Bobolink Dairy and Bakehouse

Nina and Jonathan White met in Greenwich Village where they were attracted to each other because, among other things, they both made their own yogurt and bread. Nina, the daughter of two New York City school teachers, remembers her favorite book growing up, “If You Lived In Colonial Times”, and was making bread by the age of eight. Jonathan made bread with the babysitter by the time he was three.

Since 2002 the Whites and their family have been baking bread in a large wood-fired hearth oven that they built at Bobolink, their Hunterdon County farm in Milford. The single-chamber retained-heat oven, the sort that has been in use since ancient times, cranks out up to five-hundred loaves of hand-made Artisanal breads from organic stone ground flour each day, most of which are sold in the small shop next to the bakery. Try cranberry walnut, a sturdy loaf that's great for lunch, or Rosemary Epi ­ a fragrant, long loaf shaped like a shaft of wheat.

The loaves go well with a large assortment of aged cheeses, also manufactured on site by the Whites. The cheeses are “solar-powered”, made from milk drawn from a herd of one-hundred grass-fed cows that graze the fields at Bobolink. "Tasting our cheeses is kind of like tasting a wine. First you get one flavor, then other tones come in," says Nina. Among them are "Frolic," a firm, mild Medieval farmstead cheese and a cheddar that develops flavor while ageing in an artificial cave.

boblink cow

The cheeses are all inventions of Jonathan. "He just sees what the milk is saying on any day. He sees the seasonality of the milk to create something special." Fundamental to White’s approach is his confidence in a free-grazing herd of instinctive, intelligent animals with naturally fortified immune systems; a group that has “learned to be cows again.”

At Bobolink, one can also buy pasture-raised beef. The animals enjoy good, clean living outdoors without feed—just grass. "The meat is wonderfully tasty and slaughtered humanely," says Nina. "We're working on the genetics of our herd so they can live outside, take care of their young and give birth without assistance."

Bobolink Dairy offers classes in cheese-making and bread-making with lots of testing. Internships of various terms are also possible for the serious artisan, including all aspects of grass-based milk production, cheesemaking, ripening room operations, baking, and direct marketing. The farm also offers tours on weekends.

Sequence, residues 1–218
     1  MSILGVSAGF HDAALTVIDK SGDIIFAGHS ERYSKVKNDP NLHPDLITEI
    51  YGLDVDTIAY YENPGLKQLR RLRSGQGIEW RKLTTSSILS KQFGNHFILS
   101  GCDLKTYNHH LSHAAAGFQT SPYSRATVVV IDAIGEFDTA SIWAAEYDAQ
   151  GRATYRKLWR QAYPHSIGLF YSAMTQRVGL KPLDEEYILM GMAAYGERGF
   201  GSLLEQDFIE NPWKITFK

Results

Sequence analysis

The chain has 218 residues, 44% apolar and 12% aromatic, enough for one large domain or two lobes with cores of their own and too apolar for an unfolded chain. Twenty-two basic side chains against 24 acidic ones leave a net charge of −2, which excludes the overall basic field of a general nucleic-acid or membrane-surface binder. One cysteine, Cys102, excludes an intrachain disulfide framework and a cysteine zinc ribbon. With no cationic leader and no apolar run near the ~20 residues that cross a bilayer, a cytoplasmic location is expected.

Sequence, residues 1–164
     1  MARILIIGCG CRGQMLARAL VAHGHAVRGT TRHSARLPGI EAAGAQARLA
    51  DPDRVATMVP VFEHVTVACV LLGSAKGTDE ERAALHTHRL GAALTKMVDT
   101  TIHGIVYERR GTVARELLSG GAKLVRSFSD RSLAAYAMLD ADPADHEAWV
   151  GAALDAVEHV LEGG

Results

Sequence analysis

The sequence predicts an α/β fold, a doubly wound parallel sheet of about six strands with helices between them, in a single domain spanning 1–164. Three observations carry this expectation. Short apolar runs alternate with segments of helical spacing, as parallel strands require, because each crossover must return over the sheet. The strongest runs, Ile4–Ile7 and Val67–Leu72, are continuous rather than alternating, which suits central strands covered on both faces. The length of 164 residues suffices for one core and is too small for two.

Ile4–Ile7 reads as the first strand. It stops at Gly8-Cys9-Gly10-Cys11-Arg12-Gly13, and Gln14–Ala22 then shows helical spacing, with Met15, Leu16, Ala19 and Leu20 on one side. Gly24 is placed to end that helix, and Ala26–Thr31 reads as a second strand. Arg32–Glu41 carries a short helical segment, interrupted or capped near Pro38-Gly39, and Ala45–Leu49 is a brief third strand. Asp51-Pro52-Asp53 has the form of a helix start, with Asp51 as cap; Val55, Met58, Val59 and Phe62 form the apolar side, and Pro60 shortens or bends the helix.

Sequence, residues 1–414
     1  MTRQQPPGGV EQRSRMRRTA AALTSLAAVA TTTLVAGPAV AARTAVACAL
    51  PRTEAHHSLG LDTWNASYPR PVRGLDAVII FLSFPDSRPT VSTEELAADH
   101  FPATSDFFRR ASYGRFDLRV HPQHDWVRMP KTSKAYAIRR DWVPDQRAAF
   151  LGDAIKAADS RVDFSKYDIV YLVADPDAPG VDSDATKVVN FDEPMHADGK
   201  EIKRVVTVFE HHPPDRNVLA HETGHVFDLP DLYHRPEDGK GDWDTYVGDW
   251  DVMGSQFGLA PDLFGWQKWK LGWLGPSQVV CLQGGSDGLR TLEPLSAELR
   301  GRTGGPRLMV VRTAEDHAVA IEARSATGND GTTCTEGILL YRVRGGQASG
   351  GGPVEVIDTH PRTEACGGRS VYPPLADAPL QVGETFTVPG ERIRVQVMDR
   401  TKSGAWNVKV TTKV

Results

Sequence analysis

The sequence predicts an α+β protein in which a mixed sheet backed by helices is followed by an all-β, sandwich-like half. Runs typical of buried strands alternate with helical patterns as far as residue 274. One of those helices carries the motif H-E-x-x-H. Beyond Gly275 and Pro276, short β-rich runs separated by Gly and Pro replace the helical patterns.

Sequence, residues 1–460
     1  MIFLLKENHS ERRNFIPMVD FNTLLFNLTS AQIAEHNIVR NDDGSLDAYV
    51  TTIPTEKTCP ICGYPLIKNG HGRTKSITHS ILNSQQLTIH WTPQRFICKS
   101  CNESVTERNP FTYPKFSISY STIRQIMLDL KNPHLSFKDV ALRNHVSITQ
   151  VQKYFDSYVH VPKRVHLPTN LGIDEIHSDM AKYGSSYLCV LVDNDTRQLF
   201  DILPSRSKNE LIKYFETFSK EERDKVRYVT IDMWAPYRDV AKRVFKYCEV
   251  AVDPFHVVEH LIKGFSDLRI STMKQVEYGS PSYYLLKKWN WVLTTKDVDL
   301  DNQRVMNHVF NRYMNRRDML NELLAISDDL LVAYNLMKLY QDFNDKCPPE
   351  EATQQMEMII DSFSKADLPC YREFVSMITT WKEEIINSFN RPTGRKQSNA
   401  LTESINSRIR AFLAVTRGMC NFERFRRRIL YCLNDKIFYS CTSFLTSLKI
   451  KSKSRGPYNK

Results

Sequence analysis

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Nina White, bread and cheese!

You can buy delicious Bobolink products at the farm store or take a farm tour at 369 Stamets Road in Milford, NJ. You can also purchase on-line at their website. You might also catch them at a farm market locally or in New York City.

Upcoming events

  • Nearby accommodations and attractions

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    Comments

    Joseph Misczuk
    01 Feb 2012, 11:12
    I jsut saw you on the travel channel and I love a good tasted cheese. Im from upstate New York and small town call Adams. The Adams cheese plan are made a really good 4x to 6x shaper cheese, so I would love to try your cheese. So when I can I will order some online.
    Gertrude
    10 Jul 2011, 11:11
    Why do I bother cllanig up people when I can just read this!
    Barbara Brown
    12 Nov 2010, 16:50
    I am thinking of opening a cheese house in one of the islands. Our daughter was on your farm for one year and we are very interested in importing your cheeses.\r\nSincerely,\r\n
    gennie schmudde
    19 Jul 2010, 14:50
    I would love to order from your store. I see you are moving, please contact when New Store up and Running. Just watched the Segment with Anthony B. Keep up the good work. gennie schmudde,Kingsland,GA 31548
    Kim Gordon
    19 May 2010, 04:03
    Good morning\r\nI am looking for farmers making new and wonderful cheese to sell in my specialty department at wholefoods in madison N.J.Will you please reach out to me?\r\n\r\nThank You\r\nKim
    Judy and Andy Vogel
    08 May 2010, 09:24
    We bought a small farm in Wantage and we were hoping to do the same thing, but on a smaller scale and maybe get bigger. NJ is so strict about being licensed as far as making cheese and selling it. We have some goats, chickens and horses. My husband is a teacher and I work with autistic children. I would love to try to make some extra money by farming. Summers are always hard on us. I would love to see your farm before you move. It may help us get some ideas for our farm.
    Linda Salkins
    02 Nov 2009, 09:10
    I was so impressed by what you are doing - it is the right thing! Your article in Milford Journal explained a lot to me. As a breast cancer survivor, I've always believed that "somewhere" we are getting extra hormones that overload our system, now I know!! The crulety that I've seen here in cAlifornia with overcrowding and filthy, sun baked areas that cattle are kept in has always bothered me, and the smell you can smell all up and down the freeway. (San Juquin Valley) Tom Brokaw just had a special on another farmer doing what you are doing...can only hope it contiues and maybe the Government will subsidize the small healthy farmer...."what a concept"!!!\r\nKeep it up....do you know of any other farmers doing what you do????
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